Information Compliance: Fundamental Concepts and Best Practices
Here is a clear explanation and analysis of the fundamental principles, concepts, and issues associated with information compliance, which is broadly defined as the act or process of conforming to, acquiescing to, or obeying rules, regulations, orders, or other requirements that apply to the data, documents, images, and other information.
1 in stock
|Publisher||Rowman & Littlefield|
|Ships By||3-4 days|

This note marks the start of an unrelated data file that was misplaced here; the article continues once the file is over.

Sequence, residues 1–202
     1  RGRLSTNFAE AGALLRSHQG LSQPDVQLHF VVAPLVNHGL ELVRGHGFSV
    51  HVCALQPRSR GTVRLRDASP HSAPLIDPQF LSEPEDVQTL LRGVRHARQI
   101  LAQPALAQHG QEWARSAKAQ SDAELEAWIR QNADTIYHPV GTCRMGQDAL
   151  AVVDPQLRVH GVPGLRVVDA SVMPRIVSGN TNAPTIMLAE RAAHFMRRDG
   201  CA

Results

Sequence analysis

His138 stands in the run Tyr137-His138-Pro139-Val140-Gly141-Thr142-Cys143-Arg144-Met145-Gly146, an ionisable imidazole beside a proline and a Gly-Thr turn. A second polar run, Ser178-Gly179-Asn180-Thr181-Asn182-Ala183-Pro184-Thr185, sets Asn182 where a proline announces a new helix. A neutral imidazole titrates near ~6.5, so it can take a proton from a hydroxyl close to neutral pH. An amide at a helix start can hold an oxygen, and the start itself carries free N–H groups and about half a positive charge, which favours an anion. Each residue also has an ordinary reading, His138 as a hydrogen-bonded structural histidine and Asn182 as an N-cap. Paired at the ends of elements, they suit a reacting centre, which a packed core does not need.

Compliance is one of the component of the widely discussed GRC (governance, risk, and compliance) framework, which integrates three key elements of organizational strategy, the other two being governance and risk. The GRC framework encompasses all aspects of organizational strategy and operations, including those that involve the creation, collection, retention, disclosure, ownership, and use of information by companies, government agencies, and non-profit entities. Information governance develops strategies, policies, and initiatives to maximize the value of an organization’s information assets. Information risk management is responsible for identifying, analyzing, and controlling threats to those assets. Information compliance seeks to align an organization’s information-related policies and practices with applicable requirements. Academic researchers, legal commentators, and management specialists have traditionally viewed compliance as a legal concern, but compliance is a multi-faceted concept. While adherence to legal and regulatory requirements is widely acknowledged as a critical component of compliance initiatives, it is not the only one. Taking a broader approach, this book identifies, categorizes, and provides examples of information compliance requirements that are specified in laws, regulations, contracts, standards, industry norms, and an organization’s code of conduct and other internal policies. It also considers compliance with social and environmental concerns that are impacted by an organization’s information-related policies and practices. The book is intended for compliance officers, information governance specialists, risk managers, attorneys, records managers, information technology managers, and other decision-makers who need to understand legal and non-legal compliance requirements that apply to their organizations’ information assets. It can also be used as a textbook by colleges and universities that offer courses in compliance, risk management, information governance, or related topics at the graduate or advanced undergraduate level.